Recognizing the importance of being self-sufficient and prepared for emergency situations, governments are now turning their attention to support for companies and initiatives within their own countries to ensure adequate supply of essential products and services.

“Today, we no longer have to rely on any other country or leader for our vital PPE. We can make it right here in Ontario and we’re going to keep stockpiling to make sure we’re ready for anything,” (Doug Ford, Premier of Ontario)

Speaking on rebuilding a devastated economy, Doug Ford, the premier of Ontario has urged consumers “to change their buying habits to buy locally” resulting in billions of dollars staying at home supporting their own economy rather than sending their money to China or the USA.

Past decisions on shopping only by price by many global consumers has augmented China’s ability to gain a significant foothold with global markets by offering goods at lower prices, largely due to their lack of enforced environmental regulations, high volume purchasing and production, and a low wage economy, albeit in many cases with less than expected quality. Distribution networks like Amazon and Alibaba have also provided China an efficient distribution method to access global markets and effectively respond to the price point assessment that has typically determined many of the world consumer’s ultimate buying decisions.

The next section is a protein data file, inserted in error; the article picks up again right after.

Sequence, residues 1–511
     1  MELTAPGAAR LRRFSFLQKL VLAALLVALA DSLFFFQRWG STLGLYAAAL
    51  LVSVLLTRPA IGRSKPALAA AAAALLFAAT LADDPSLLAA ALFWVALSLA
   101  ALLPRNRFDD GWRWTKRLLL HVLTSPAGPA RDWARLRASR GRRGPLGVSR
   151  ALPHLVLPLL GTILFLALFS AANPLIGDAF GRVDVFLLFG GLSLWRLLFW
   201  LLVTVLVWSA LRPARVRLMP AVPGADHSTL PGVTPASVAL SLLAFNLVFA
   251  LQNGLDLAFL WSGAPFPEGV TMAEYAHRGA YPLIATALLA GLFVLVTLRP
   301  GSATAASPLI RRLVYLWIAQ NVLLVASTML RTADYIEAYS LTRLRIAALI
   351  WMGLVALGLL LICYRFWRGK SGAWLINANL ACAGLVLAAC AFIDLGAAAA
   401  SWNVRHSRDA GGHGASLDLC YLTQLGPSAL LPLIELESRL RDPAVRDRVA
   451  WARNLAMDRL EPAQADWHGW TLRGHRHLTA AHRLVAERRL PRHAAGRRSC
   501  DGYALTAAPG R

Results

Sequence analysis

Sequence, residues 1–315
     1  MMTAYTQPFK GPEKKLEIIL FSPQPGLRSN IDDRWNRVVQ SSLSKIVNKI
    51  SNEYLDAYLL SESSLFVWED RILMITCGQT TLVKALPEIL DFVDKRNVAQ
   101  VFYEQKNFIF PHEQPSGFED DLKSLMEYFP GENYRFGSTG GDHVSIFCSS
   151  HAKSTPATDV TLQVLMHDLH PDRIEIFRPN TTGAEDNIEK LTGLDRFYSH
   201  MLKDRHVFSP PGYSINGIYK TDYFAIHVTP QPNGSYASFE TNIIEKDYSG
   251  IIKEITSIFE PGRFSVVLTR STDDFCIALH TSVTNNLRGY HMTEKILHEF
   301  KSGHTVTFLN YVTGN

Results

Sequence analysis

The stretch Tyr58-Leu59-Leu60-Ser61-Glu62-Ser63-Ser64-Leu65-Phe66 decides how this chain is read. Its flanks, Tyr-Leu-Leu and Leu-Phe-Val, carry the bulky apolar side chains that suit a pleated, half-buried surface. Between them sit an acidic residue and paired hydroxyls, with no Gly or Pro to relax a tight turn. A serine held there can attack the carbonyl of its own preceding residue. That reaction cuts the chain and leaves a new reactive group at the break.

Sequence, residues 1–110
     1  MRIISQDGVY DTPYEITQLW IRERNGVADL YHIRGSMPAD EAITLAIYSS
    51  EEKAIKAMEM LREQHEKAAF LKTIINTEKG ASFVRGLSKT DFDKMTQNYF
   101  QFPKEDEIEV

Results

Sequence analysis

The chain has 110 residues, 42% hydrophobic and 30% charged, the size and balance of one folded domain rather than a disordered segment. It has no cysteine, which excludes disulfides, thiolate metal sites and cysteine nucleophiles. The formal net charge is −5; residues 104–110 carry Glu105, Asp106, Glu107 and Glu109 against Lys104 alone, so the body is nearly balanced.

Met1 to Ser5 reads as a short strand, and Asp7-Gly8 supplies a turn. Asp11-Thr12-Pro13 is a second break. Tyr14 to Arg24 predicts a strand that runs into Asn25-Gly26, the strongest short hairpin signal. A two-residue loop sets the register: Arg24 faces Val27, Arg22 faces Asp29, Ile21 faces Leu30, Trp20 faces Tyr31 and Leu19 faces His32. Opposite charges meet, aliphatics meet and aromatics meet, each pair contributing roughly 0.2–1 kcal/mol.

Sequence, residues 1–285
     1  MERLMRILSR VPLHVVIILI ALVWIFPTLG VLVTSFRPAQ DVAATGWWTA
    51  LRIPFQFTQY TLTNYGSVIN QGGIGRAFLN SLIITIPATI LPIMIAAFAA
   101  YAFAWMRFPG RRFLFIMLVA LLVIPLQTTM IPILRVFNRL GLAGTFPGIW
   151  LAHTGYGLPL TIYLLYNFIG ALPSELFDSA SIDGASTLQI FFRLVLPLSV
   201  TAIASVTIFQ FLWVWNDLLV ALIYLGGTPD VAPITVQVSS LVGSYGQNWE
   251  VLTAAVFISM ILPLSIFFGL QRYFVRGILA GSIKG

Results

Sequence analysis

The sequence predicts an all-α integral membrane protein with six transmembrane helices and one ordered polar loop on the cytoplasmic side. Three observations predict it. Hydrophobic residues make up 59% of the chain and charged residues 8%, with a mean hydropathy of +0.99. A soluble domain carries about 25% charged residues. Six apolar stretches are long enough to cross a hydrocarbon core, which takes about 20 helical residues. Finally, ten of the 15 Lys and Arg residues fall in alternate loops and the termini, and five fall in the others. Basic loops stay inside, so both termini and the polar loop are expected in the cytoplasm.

The old saying, “Made in China” used to come with an insinuation of low quality. At some point the consumer accepted that aspect of their purchase decision and assessed the lower price as being the determining factor. Also, clever branding by Chinese companies has made it difficult for the average consumer to realize exactly where the products they are buying were actually made. Just take a look on Amazon and observe the vast proliferation of products from China, moreover, select a product and then try to determine where that product was manufactured and ultimately being delivered from. It may surprise you, it’s not that easy.